Calibrating your 3D printer’s extrusion rate is a great way to really dial in the quality of your prints. I find that when using the same brand filament I can get away with calculating the extrusion once, and checking it now and again to make sure I’m fairly close. When introducing a new filament or type (like switching from PLA to PETG for example) you probably want to run this quick check again and make sure you are within a few percent for the new stuff. Calibrating is easy, and if you use Octoprint or Repetier Host or Simplify 3D and can send terminal commands, it’s just this simple:
- Set your extruder to relative mode by issuing a M83; command
- Next mark your filament 120 mm from the entrance to the extruder with a Sharpie
- Then tell the printer to extrude 100mm of filament using the G1 E100 F100; command
- Now measure the amount of filament yet to enter the extruder. I had 30mm left over. That means that 10mm is not extruded, though the machine settings think it has. So lets fix that now. (If you have 20mm yet to enter the extruder, congrats. You are done and can go get a tasty beverage.)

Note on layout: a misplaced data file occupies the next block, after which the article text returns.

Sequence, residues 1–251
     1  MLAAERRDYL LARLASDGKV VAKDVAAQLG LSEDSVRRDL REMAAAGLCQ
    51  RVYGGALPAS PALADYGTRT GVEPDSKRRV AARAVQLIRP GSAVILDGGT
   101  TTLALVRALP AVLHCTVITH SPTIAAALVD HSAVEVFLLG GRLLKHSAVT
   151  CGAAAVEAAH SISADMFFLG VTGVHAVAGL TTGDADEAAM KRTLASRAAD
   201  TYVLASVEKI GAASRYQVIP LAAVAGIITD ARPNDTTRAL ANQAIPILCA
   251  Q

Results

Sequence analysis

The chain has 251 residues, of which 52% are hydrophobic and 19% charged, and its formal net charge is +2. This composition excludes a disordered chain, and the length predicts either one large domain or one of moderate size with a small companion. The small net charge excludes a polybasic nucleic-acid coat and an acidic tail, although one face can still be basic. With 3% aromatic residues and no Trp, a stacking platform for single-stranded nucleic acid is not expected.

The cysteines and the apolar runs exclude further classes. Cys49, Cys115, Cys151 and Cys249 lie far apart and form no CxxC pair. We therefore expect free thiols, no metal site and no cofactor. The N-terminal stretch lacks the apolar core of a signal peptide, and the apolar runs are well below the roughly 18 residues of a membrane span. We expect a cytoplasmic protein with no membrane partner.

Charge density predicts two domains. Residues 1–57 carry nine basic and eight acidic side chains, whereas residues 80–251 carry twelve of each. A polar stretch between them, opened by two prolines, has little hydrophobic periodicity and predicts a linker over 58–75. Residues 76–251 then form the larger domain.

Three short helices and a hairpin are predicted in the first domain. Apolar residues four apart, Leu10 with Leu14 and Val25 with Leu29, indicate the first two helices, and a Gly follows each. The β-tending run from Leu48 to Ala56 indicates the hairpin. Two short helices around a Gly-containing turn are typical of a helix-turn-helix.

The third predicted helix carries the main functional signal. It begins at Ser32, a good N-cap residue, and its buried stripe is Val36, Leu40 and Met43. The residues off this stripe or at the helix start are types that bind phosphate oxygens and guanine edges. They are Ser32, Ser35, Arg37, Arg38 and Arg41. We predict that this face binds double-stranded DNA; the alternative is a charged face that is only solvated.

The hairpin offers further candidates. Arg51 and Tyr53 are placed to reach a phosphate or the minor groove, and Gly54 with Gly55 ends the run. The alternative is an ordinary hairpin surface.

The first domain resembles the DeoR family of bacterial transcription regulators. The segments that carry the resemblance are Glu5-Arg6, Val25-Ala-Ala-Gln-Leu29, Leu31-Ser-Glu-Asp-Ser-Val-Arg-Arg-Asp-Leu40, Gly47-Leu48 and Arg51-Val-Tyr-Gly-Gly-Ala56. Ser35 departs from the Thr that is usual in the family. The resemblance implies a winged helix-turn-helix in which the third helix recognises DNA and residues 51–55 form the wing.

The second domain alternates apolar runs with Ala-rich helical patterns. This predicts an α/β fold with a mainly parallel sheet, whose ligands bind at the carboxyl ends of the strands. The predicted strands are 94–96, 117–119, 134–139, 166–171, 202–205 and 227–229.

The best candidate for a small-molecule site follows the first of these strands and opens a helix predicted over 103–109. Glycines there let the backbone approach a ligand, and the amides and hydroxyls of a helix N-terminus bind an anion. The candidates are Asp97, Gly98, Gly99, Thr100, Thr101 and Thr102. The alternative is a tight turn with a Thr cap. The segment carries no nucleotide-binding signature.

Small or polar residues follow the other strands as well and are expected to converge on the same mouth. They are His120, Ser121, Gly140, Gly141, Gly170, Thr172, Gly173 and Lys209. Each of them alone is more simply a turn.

- Lets find out what the current steps/mm setting is on the printer. Enter the command M503;
- You will get a bunch of settings returned, and we are looking for the M92 output, mine was:
M92 X80.00 Y80.00 Z400.00 E93.00
- So lets calculate what we need here instead. I had 30mm left over. So 120mm-30mm= 90mm. My printer is pushing 90mm through, thinking it is 100. That is a 10% difference, and pretty significant. The original output above shows that my extruder steps value was 93 (see E93.00 above.) Lets calculate the correct value. A quick formula for this is (original step value x 100) / actual distance. In my case, this is (93×100)/90=103.333
- Lets set this value as the new extruder step value with the command M92 E103.333;
- And save those settings to the board with a M500;
- Now your extruder should be set, so lets test! Run through the instructions again by measuring another 120mm and running the
G1 E100 F100; command one more time and you should be pretty darn close.
Happy printing! Leave a comment below if this helped your or you have feedback on your results.
Really good article! Where most tutorials about this subject fail, this seems to be the only one to work properly! Thank you so much for your time and effort!
Ps. Do you also have a tutorial about the calibration of the bed of an Ender 3? I can’t find it on your site.